Understanding the contribution of defence to UK prosperity
To help the UK Ministry of Defence in establishing a quantifiable measure of defence contribution to UK prosperity, researchers examined five methodologies, delivered pilot studies to assess them, and recommended how they could be developed further.
What is the issue?
In recent years UK Defence has put prosperity at the heart of policy. Yet measuring and articulating defence’s primary contribution to national prosperity – the benefit of security and protection from external threat – has remained a challenge.
RAND Europe, working with our academic partners, was commissioned by the Defence Science and Technology Laboratory to explore different approaches that could help the MOD in establishing a quantifiable measure of defence output.
How did we help?
This study has explored the potential of five methodologies to measure the contribution of defence to UK prosperity. These are:
- Protection Adjusted Life Years (PALYs)
- Value of Statistical Life (VSL) measures
- Insurance policy techniques
- Logic models and proxy indicators
- Discrete choice experiments (DCEs)
The research delivered pilot studies to assess the extent to which each method could help to measure primary defence benefits and consider how the approaches might be developed. The study consisted of:
- A scoping review: generating a long list of potential methods
- Competition of ideas: down-selection to short list for further research
- Deep dives: in-depth research for short-listed method
- Overarching framework: assessment framework for selected methods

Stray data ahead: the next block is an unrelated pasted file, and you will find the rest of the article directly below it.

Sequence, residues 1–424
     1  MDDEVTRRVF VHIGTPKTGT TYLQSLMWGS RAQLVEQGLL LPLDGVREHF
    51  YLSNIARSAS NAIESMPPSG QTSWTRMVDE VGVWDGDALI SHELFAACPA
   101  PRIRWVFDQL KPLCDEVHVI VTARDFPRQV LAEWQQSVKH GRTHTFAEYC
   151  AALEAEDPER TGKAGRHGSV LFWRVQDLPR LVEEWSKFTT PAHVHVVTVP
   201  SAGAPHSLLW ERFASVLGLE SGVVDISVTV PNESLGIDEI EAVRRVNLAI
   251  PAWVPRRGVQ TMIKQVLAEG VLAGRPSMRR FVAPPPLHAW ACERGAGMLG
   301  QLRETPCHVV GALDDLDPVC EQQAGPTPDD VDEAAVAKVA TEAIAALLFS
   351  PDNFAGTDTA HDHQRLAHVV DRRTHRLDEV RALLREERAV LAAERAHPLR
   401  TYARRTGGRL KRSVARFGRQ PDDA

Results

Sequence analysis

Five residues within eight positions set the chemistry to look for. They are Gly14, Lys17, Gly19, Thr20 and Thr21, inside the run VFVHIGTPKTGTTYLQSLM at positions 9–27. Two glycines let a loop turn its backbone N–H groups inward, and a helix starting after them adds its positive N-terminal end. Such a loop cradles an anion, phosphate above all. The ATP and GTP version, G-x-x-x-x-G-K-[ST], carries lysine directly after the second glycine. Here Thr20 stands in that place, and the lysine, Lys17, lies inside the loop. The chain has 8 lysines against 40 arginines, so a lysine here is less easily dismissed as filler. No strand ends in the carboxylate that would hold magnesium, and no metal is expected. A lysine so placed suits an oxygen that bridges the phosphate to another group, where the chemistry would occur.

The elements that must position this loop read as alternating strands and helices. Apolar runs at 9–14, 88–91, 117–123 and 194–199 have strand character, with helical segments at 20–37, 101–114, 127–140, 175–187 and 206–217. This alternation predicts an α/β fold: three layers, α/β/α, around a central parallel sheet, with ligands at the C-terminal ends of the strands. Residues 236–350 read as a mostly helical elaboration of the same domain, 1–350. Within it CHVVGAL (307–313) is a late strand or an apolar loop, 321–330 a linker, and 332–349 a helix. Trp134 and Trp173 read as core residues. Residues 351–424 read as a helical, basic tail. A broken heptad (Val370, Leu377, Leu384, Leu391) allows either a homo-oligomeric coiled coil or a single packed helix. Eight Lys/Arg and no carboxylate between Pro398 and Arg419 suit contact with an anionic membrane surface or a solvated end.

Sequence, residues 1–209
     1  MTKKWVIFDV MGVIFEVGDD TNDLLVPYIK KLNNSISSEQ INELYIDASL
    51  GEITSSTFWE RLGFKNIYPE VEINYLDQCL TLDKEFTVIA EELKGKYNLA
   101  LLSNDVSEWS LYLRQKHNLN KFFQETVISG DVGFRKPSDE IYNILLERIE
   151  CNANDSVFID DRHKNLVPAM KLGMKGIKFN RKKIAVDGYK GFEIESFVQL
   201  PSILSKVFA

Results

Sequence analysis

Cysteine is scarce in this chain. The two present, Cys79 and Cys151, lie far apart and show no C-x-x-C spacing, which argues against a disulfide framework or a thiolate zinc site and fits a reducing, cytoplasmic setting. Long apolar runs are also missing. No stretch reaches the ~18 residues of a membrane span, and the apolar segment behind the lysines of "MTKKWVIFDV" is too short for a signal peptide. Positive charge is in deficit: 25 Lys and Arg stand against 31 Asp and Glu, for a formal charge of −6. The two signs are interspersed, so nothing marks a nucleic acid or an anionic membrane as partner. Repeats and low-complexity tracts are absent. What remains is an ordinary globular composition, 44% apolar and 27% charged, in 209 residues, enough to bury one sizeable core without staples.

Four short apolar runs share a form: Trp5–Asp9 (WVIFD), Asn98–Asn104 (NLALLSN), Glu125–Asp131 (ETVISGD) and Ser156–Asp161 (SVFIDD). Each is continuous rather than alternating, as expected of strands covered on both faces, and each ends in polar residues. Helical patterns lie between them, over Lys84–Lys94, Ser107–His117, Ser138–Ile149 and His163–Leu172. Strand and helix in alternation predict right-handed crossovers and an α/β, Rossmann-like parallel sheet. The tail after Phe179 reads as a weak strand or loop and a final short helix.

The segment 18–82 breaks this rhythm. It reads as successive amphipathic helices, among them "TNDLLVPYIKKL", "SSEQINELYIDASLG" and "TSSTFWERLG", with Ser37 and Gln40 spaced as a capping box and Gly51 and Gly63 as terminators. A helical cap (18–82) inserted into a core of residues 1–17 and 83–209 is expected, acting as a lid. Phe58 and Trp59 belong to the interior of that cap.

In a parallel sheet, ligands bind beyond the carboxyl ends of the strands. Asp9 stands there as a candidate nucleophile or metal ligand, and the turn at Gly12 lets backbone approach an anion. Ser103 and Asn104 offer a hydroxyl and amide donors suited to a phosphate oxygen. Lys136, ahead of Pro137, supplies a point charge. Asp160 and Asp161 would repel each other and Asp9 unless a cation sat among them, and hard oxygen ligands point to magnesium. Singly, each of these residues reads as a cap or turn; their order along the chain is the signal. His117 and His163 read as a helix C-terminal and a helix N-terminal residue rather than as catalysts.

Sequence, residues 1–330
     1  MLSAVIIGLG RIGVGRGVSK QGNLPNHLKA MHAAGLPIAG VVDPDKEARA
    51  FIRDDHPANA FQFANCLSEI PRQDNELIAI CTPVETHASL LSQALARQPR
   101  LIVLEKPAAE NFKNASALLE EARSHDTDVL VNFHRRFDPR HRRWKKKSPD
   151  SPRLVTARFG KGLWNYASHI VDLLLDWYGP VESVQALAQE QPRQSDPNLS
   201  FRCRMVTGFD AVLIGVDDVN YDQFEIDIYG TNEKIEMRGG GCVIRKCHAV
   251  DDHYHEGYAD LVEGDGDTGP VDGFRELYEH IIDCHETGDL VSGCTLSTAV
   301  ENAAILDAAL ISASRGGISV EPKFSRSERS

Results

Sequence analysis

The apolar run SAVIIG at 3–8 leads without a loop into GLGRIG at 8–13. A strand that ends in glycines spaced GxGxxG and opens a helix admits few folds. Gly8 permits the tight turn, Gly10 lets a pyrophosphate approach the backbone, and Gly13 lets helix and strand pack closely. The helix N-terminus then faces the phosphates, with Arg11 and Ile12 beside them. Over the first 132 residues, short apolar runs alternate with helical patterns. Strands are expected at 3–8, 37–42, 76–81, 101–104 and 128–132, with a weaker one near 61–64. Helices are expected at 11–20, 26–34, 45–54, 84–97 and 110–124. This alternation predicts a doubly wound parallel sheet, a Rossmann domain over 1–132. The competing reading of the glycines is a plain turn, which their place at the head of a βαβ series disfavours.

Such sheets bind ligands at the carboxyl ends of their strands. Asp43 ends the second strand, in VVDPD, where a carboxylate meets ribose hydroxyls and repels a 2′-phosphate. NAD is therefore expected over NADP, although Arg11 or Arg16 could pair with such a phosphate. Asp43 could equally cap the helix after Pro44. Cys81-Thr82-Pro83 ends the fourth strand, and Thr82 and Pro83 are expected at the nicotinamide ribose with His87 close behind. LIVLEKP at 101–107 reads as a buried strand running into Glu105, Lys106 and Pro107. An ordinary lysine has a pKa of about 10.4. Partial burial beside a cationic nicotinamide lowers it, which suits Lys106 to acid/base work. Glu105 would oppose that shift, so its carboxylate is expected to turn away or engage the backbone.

What did we find?
Based on the research into the five individual approaches it is apparent that whilst none offer a comprehensive solution in their own right, PALYs, VSL, Logic models and proxy indicators, and DCEs each offer opportunities that could pave the way for an improved understanding of defence’s contribution to prosperity.
Insurance techniques do not appear to offer a way to measure primary defence benefits, but could support defence decision-making by helping to conceptualise, manage and ‘price’ defence risks.
Overarching assessment framework
|Defence inputs||Defence activities||Defence outputs||Defence outcomes|
|Logic models and indicators||Yes||Yes||Yes||Yes|
|No||The approach does not appear to be capable of assessing or quantifying this aspect of defence|
|Yes||The approach appears to offer a way of assessing or quantifying this aspect of defence|
What do we recommend?
The MOD should consider taking forward the research from this study by developing their understanding of how defence contributes to national prosperity by further developing and refining the defence logic model.
Furthermore, the MOD could improve its understanding and quantification of public perceptions of defence, its benefits and opportunity costs, through a DCE.
The MOD should also consider building on the pilot studies to develop new approaches to quantify (and possibly monetise) the benefits of defence especially PALYs and VSL. Proxy indicators may also offer options for assessing the benefits of defence where actual measures of benefit cannot be identified or developed.
Finally, the MOD could explore alternative approaches for measuring other aspects of defence benefit/social value (e.g. environmental), given this study focused on social and economic benefits of defence.